I have little doubt you’ll enjoy the full plunge. I’m on my last polish now and it’s a ton of fun. Money back guarantee!
All the best,

Morgyn says:

PJ, Shawn, OK, just too much synchronicity. I’ve been flogging the two of you to my crit group/twitter feed and just look who I find standing side by side in the tall grass.

Came out of the night thinking about what comes out of the night — or on the treadmill. That sitting in front of a blank screen trope () not for me. Either flying down the repeating rubber highway to rock n’ roll (jumping off and slamming out a note from said jazzed up brain/body as they come) or semi sleeping, playing a scene over and over until, OMG, out of bed, bleary eyed and telling the forebrain — use words I can freakin’ understand come daylight.

I don’t do word count (kept track for a while — appalling how much I chew through in a week. Makes the month of Na-no kinda pallid.) Real life has to really up its game to draw my attention from the lure of the story. And putting structure on story is yet another muse in itself. I love putting my stuff through Jami Gold’s beat sheets off Larry Brook’s Story Structure and seeing did I or didn’t I and if not, making it so.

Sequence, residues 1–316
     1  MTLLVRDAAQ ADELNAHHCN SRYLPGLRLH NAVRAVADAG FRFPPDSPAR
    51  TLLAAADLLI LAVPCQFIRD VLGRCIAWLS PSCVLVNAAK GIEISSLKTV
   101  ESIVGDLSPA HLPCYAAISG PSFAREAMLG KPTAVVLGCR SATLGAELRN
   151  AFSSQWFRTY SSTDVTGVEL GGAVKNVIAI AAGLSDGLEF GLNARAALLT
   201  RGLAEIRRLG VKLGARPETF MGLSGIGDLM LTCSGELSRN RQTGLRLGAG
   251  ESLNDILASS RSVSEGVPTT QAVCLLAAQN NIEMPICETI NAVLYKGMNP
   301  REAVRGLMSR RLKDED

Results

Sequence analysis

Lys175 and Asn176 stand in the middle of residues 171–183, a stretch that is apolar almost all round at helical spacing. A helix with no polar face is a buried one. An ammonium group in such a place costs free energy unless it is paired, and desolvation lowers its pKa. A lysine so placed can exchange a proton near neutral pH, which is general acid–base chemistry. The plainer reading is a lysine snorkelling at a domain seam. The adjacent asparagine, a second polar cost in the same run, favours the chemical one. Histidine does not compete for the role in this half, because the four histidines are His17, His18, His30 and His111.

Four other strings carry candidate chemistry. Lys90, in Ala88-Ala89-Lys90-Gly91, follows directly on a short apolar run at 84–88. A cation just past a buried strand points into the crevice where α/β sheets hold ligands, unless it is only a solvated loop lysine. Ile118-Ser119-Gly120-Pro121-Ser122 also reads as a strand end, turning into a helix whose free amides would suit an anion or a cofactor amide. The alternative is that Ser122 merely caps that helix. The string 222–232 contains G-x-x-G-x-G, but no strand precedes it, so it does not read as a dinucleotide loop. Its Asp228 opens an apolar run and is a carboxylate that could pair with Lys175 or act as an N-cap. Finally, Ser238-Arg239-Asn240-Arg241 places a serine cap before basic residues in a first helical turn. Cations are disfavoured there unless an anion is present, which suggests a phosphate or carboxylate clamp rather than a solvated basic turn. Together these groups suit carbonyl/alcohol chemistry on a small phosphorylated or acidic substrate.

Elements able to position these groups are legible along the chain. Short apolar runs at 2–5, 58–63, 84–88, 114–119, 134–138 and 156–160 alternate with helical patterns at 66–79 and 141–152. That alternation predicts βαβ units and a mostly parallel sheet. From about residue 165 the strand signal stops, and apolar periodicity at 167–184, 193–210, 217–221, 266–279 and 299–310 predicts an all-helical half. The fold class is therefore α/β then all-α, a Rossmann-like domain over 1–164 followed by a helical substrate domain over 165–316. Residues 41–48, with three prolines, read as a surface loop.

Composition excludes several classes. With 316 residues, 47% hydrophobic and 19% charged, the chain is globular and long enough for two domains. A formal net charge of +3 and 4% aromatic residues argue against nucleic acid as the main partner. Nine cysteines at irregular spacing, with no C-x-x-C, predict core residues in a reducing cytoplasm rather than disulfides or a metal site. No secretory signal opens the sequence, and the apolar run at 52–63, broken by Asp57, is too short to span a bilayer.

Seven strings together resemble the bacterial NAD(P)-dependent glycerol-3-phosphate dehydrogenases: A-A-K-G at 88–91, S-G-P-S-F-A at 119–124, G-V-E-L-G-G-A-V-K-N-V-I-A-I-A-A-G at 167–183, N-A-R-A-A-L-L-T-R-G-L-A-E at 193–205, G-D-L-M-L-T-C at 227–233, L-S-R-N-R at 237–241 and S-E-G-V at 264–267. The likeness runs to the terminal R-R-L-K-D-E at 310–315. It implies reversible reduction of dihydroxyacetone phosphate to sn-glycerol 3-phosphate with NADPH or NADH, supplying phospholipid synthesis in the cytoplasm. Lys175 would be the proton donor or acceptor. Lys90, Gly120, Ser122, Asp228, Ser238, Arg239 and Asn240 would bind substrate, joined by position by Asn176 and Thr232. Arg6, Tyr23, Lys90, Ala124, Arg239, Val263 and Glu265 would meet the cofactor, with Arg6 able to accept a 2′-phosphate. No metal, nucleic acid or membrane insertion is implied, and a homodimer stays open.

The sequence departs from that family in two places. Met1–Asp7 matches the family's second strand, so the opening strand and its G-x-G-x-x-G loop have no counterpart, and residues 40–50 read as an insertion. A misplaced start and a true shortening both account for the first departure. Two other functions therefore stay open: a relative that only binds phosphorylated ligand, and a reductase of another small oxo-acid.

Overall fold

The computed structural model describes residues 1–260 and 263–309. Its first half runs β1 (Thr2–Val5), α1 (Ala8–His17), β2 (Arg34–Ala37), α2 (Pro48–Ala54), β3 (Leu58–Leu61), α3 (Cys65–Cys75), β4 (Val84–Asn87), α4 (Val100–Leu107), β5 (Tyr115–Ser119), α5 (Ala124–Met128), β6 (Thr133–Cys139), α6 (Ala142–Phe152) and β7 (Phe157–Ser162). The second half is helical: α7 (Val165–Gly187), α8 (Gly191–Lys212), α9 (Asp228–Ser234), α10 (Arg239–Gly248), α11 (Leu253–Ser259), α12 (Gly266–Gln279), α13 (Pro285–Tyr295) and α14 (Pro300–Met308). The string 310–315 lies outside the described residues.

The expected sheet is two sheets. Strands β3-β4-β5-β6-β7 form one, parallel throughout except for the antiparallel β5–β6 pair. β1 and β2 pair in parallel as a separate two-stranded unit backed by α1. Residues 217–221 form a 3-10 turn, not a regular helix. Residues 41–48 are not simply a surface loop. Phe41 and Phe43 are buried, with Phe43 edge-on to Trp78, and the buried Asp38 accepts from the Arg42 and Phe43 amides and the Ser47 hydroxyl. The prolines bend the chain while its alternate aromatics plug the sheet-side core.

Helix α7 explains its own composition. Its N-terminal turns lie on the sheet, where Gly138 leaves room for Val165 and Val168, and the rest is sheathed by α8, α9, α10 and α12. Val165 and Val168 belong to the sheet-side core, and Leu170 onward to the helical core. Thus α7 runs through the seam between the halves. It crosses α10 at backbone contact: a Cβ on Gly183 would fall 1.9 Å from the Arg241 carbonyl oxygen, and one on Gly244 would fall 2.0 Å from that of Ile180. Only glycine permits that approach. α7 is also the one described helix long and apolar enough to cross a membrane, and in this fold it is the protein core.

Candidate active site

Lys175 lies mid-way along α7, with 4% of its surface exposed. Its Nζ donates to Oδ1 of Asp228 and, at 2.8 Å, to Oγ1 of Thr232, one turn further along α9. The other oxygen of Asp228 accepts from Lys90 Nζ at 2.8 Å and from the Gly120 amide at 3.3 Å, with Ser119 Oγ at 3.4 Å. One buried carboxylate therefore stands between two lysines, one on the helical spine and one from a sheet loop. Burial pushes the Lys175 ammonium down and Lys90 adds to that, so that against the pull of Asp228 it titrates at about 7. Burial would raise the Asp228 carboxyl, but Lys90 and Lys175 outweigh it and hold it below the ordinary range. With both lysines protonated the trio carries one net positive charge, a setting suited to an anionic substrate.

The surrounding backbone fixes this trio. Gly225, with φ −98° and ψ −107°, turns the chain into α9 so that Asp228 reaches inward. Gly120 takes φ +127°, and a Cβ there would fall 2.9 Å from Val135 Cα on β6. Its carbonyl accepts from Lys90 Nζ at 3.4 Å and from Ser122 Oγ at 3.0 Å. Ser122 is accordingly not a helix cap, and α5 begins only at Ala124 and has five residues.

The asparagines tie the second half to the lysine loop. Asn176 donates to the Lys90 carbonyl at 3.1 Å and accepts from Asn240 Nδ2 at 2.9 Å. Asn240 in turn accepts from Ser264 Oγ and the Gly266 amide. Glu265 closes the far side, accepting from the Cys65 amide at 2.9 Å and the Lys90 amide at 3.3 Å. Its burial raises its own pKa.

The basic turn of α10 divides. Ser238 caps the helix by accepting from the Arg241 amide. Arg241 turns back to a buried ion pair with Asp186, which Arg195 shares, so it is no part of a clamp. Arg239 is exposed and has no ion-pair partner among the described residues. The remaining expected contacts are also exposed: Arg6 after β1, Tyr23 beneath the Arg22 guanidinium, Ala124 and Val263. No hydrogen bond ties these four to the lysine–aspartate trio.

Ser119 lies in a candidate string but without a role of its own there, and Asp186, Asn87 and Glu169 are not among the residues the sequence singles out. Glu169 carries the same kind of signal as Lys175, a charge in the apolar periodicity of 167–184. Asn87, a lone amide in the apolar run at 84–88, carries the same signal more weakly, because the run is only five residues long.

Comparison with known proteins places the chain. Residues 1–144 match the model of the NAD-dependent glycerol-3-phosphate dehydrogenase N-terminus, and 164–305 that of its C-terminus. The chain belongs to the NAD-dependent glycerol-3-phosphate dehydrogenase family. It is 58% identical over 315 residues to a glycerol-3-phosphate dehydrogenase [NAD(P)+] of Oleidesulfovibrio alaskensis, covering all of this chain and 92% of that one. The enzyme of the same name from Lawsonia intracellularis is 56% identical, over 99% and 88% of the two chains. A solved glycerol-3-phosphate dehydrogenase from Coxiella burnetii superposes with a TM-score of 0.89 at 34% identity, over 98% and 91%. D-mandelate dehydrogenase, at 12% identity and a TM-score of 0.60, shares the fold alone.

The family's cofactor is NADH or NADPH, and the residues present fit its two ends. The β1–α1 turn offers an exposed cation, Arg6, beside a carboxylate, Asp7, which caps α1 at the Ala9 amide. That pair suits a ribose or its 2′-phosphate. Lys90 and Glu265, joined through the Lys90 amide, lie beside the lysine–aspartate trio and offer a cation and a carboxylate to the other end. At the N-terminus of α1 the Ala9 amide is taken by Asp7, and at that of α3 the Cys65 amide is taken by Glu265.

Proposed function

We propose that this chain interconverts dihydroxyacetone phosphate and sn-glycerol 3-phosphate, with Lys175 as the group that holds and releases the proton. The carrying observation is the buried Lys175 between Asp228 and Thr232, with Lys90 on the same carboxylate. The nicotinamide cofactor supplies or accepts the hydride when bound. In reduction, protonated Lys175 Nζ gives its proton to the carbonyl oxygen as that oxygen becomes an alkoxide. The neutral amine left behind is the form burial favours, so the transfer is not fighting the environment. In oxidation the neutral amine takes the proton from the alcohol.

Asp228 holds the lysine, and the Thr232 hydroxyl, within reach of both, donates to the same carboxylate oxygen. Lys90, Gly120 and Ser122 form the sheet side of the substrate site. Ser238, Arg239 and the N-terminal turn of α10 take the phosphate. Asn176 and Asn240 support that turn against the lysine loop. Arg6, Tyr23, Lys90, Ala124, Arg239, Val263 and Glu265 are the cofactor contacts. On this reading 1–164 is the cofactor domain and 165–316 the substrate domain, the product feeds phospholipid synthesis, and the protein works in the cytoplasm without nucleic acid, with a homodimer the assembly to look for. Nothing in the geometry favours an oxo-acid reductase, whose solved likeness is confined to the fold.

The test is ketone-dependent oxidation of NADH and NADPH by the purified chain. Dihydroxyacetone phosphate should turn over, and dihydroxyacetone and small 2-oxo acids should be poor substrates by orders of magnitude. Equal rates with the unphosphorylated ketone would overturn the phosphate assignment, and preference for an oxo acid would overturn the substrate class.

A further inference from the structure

Just how long would everyone stay awake around a campfire when a storyteller started wandering down some dark hole of personal angst and their battle against navel lint?

Yeah, right — ZZZZZZZ


DC Harrell says:

Glad to hear beats are next. Every time I think “I wish he’d do xyz,” then you do. Thanks for this.

Tina Goodman says:

The Resolution of True Detective was amazing! (Matthew McConaughey and Woody Harrelson) The way Detective Cohle’s World View finally shifted from meaningless life to meaningful after his near death experience was very touching.